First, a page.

Outrage after ‘victim-blaming’ Christmas tree by Suffolk police is spotted in church

Zoe Tidman
Twitter/Reclaim The Night Ipswich

Police have been accused of hanging “victim-blaming” baubles on a Christmas tree in a church.

“Don’t drink to excess” and “being drunk makes you vulnerable” are printed messages serving as decorations for Suffolk Constabulary’s festive tree, according to images posted on social media.

Amy Roch, from Suffolk Rape Crisis centre, told The Independent the messages are “totally wrong” as they are “focussing attention in the wrong place”.

“It’s curtailing women’s freedom and their ability to go about their everyday lives, which is entirely unacceptable.”

Campaign group Reclaim The Night Ipswich, who shared the pictures on Twitter, said: “Excessive drinking doesn’t cause sexual violence. Perpetrators do.”

The tree, which is part of St Mary-le-Tower church’s Christmas tree festival, also reminds people to “avoid walking alone”, “never leave your drink unattended” and to “stay with friends”.

Ms Roch said these type of messages could reduce the chance that women who experience sexual violence, after drinking alcohol or walking alone for example, would report the incident to police.

“There is so much victim blaming in society,” she said. “If this is what the police are saying, [these women] are going to think how am I possibly going to report this, or what’s the point, because the police are already saying it’s my fault.”

She also claimed these type of messages “don’t work” as “women are more likely to experience sexual violence in their own homes”.

A Suffolk Constabulary spokesman said: “Our Safer Suffolk Christmas campaign is aimed at raising awareness of a variety of issues which affect the whole community.

“However, we accept that to suggest any of our messaging was aimed specifically at women by linking it to a photograph of a female was wrong. We apologise for any offence caused and are taking down the relevant messaging from the Christmas Tree.

“The safety of people when out enjoying the night-time economy is particularly important to us.

“Campaigns such as this form part of our year-round work to provide crime prevention advice and to target those who may be considering breaking the law through opportunistic criminality.”

Charles Jenkin, the vicar for the church holding the Christmas tree festival, said: “St Mary-le-Tower church welcomes the ‘Suffolk Police Safety at Christmas’ tree in our festival.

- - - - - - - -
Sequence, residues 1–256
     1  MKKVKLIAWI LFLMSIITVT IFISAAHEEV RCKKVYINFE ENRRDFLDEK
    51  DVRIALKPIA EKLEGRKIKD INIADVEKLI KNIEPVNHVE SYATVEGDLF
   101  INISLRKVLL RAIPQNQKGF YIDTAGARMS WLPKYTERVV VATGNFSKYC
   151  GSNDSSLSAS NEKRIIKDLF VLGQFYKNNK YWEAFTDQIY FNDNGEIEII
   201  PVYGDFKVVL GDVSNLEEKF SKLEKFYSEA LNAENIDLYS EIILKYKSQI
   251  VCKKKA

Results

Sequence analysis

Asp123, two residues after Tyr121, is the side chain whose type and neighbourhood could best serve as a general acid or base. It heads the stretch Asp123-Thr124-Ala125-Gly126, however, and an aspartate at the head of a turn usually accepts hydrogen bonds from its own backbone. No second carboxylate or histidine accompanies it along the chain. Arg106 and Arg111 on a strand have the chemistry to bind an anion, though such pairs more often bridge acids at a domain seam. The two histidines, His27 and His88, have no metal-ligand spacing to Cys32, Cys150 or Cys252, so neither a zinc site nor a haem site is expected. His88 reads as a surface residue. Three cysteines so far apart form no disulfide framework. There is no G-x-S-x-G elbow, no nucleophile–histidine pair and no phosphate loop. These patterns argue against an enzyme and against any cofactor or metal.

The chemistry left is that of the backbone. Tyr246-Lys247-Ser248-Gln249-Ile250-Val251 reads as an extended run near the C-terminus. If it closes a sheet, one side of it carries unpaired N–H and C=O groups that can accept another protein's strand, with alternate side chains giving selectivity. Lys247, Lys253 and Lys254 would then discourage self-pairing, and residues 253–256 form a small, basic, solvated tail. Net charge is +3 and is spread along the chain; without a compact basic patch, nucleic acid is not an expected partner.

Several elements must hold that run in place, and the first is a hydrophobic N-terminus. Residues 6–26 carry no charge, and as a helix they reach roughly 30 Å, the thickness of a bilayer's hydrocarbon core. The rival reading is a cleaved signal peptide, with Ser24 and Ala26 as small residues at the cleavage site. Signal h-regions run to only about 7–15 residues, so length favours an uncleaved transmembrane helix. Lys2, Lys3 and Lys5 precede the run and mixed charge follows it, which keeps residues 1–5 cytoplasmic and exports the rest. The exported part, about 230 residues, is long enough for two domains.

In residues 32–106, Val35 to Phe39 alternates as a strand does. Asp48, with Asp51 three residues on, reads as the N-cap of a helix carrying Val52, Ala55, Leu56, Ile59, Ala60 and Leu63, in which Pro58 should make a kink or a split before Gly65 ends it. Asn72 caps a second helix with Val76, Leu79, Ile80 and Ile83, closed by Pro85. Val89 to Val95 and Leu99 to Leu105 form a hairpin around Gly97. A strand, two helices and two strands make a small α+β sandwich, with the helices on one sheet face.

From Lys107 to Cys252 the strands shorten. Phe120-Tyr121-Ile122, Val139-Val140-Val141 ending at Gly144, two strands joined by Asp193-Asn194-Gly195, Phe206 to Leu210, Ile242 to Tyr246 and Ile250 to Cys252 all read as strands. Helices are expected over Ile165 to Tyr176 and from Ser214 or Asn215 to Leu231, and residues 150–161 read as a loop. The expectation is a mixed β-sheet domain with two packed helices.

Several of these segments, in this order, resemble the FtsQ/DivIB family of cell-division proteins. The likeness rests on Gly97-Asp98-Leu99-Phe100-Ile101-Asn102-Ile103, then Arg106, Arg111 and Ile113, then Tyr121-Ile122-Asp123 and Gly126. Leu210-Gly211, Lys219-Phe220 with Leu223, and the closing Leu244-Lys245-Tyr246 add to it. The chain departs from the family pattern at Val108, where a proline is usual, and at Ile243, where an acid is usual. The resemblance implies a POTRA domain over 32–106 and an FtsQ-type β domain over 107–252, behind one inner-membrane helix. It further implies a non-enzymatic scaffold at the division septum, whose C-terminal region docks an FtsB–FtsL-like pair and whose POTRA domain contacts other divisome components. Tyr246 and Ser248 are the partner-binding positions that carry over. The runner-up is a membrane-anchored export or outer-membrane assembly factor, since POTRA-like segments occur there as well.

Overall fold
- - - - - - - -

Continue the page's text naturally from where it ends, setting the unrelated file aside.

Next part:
“It is full of sensible advice, although taken altogether it is a rather sad reflection of how careful people have to be these days to stay safe.”

Reclaim The Night Ipswich, which falls under by Suffolk Rape Crisis Centre, has also criticised Suffolk Police’s wider After Nightfall campaign, which “highlight[s] the potential problems people may encounter if they drink too much, don’t plan ahead or don’t take care of their valuables”.

Earlier this month, in response to criticism of the overall campaign, Suffolk Police said: ”It is our duty as police to protect people and prevent crime, and we would be failing in this responsibility if we did not do this.

“This campaign, along with many others during the year, helps us to keep communities across Suffolk safer.”

Last week, a Nottinghamshire police force was criticised for offering “sexist and condescending” advice to women by discouraging them from walking alone at night.

“Women who walk alone especially at night are at risk of harassment, or even physical assault,” a now-deleted Facebook post said.

Broxtowe North Police said: “Taking a risk when it comes to walking alone at night is not one of those things we should be doing.”

A Nottinghamshire Police spokesperson said it was a “clumsy attempt” to offer advice to help people stay safe and “apologise[d] unreservedly for any offence caused”.

Women took to the streets during November for UK-wide Reclaim the Night marches to protest violence against women, street harassment and victim blaming.

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